U.S. President Barack Obama praised German Chancellor Angela Merkel ahead of his visit to the European country Sunday, telling German newspaper, Bild, that he was proud to call her a friend. This would mark the last destination of the U.S. leader's six-day foreign trip, through which he has attempted to boost America's alliances with U.K. and Gulf leaders.

Obama, who is set to meet Merkel shortly after he reaches Hanover, Germany, is expected to discuss about topics including global economy, terrorism, transatlantic security and a free trade pact between the U.S. and Europe, according to a White House press briefing.

On Sunday, Obama is set to speak at the Hannover Messe, the world’s largest industrial trade fair, and drum up support for the Transatlantic Trade and Investment Partnership (TTIP), a U.S.-Europe free trade agreement that supporters say could boost each economy by some $100 billion, according to Reuters.

However, tens and thousands of people gathered in Hanover’s Opera Square on Saturday to protest the proposed deal as they fear a lowering of environmental and social standards in Europe. TTIP opponents were seen wearing T-shirts that read "Stop TTIP" and carrying "Give TTIP no chance" slogans.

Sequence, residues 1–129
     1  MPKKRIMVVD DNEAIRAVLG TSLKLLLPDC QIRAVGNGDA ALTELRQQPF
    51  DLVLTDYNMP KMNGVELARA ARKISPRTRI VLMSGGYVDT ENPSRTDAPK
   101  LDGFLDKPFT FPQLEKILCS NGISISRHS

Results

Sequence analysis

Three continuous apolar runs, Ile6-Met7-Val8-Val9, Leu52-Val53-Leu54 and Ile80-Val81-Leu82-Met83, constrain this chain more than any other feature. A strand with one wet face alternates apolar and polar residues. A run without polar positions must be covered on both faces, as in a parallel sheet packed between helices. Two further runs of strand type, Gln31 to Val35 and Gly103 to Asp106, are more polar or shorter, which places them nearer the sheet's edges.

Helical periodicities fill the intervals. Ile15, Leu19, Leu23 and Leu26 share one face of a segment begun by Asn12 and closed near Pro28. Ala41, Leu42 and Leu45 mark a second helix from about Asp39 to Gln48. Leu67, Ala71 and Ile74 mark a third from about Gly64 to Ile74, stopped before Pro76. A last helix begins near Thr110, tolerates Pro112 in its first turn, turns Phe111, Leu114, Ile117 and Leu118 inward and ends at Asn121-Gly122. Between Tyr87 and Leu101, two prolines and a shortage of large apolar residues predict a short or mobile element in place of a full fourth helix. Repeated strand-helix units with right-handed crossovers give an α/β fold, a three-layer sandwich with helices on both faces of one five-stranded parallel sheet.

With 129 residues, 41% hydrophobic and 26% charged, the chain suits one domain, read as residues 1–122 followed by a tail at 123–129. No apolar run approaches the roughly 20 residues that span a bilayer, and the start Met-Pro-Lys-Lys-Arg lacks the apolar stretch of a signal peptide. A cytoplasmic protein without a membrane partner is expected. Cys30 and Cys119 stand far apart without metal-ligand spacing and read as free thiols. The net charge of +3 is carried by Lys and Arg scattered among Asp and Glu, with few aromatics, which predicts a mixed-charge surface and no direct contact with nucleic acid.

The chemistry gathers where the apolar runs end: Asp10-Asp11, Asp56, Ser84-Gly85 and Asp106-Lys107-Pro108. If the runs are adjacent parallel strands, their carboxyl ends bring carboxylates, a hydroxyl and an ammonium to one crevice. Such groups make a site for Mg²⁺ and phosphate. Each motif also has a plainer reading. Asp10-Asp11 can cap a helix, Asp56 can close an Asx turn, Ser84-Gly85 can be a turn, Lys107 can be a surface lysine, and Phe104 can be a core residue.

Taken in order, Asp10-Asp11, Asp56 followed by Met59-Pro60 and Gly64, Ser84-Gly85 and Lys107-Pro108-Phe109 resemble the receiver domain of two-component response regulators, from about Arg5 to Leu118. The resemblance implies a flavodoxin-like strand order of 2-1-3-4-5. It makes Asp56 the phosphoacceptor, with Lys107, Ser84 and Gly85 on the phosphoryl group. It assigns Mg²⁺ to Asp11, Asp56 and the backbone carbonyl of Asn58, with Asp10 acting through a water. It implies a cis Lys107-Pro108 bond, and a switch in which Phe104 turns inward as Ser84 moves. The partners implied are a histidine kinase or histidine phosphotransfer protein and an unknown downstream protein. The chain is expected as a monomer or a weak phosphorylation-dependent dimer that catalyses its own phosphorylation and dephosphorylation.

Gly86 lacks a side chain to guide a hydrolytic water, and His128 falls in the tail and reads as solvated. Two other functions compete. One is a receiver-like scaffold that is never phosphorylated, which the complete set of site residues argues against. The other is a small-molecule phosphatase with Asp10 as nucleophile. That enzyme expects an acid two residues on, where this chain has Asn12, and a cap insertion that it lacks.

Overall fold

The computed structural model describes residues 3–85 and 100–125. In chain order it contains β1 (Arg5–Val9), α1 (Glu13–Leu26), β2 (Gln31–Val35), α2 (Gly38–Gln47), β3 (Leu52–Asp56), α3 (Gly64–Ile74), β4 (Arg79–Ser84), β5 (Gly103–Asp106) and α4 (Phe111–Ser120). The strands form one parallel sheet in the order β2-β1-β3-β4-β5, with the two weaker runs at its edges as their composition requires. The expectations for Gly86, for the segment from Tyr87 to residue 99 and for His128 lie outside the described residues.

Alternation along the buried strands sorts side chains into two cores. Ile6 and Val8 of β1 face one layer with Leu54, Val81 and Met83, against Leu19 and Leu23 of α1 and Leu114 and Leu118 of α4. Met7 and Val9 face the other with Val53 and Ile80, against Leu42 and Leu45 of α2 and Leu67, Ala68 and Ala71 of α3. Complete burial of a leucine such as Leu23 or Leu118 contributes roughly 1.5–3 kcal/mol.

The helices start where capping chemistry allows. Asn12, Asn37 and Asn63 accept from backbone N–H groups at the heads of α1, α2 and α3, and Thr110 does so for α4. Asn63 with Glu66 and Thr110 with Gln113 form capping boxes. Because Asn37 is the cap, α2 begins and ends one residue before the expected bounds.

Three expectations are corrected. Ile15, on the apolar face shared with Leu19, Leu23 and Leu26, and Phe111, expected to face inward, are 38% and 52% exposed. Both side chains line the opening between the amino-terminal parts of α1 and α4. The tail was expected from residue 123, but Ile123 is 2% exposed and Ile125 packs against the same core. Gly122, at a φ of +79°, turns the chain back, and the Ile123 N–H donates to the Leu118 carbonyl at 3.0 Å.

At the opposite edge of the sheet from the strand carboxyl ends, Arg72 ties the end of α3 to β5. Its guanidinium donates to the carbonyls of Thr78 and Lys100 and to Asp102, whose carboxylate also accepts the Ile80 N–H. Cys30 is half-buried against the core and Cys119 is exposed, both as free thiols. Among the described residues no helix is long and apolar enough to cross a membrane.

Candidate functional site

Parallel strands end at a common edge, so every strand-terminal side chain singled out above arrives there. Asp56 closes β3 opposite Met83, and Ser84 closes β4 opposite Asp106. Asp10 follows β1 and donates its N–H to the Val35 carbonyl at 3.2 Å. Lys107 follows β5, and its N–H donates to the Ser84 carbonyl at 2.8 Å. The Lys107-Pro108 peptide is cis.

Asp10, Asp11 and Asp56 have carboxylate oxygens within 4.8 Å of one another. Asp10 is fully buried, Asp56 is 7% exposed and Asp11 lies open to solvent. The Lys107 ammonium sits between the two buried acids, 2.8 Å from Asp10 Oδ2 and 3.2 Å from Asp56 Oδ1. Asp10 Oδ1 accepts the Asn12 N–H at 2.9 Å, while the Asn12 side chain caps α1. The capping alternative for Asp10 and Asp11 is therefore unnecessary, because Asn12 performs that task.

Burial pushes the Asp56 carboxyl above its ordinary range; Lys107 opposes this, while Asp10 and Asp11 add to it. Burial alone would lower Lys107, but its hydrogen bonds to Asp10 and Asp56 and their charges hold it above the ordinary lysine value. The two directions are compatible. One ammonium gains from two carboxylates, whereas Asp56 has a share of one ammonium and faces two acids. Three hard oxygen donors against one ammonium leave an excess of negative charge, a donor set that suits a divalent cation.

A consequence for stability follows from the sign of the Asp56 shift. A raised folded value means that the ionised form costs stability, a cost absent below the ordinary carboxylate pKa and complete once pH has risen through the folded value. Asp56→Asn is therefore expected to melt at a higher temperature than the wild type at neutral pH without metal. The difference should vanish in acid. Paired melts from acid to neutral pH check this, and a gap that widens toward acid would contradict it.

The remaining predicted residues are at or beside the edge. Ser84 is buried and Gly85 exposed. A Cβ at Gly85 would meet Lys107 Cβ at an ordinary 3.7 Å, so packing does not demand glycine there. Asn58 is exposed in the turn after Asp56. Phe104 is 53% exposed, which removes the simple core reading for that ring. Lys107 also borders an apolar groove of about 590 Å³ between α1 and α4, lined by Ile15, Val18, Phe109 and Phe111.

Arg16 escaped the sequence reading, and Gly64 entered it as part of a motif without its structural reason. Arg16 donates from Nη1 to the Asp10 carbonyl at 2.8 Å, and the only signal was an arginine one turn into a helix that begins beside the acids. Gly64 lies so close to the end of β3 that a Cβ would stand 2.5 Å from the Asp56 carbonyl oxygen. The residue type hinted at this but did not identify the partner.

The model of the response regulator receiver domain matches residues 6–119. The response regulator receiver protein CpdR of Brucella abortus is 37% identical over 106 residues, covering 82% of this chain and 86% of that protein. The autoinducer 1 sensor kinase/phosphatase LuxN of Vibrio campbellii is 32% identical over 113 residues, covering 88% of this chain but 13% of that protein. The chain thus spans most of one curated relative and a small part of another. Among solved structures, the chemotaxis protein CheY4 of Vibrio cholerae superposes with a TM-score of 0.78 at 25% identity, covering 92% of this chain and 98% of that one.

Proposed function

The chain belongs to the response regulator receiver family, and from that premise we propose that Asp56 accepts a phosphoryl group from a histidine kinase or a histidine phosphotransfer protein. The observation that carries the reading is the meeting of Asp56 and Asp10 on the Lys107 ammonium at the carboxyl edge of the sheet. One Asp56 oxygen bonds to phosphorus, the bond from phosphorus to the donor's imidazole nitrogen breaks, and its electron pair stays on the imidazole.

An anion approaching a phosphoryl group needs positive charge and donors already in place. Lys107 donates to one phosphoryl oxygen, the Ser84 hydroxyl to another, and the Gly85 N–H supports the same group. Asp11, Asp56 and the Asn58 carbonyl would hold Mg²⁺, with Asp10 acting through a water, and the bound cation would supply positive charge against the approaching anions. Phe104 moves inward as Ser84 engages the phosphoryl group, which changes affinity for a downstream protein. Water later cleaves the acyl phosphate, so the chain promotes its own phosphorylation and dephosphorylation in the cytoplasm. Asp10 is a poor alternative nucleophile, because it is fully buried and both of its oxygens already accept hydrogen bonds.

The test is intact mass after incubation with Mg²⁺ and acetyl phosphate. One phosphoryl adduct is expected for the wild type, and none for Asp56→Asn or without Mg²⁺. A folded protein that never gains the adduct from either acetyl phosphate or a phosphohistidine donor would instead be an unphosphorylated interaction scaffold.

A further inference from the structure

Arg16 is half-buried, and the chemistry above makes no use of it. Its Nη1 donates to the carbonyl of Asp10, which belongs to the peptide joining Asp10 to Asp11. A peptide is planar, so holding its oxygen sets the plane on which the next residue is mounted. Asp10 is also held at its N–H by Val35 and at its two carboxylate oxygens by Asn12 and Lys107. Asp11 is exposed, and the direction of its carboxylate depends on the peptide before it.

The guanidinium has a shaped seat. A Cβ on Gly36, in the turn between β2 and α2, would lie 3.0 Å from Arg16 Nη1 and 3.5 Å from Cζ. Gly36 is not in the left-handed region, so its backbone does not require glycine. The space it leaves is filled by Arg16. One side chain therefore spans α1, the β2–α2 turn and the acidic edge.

“We are here to make it clear that we have concerns and that is true not only for the German and European population. Americans are worried too,” German Green Party co-leader Simone Peter told euronews. Local police said 35,000 people took part in Saturday’s demonstration in Hanover, while organizers said more than double that number had attended, reports said.

Both leaders announced Saturday that they support free trade pacts between the U.S. and Europe as it would fuel growth on both sides of the Atlantic.

"The Trans-Atlantic Trade and Investment Partnership is one of the best ways to promote growth and create jobs," Obama told Bild on Saturday. Merkel said that wrapping up a deal would be a "win-win situation,” in her weekly podcast.

Last year, the United States overtook France to become Germany's most important trading partner, according to official data released in March.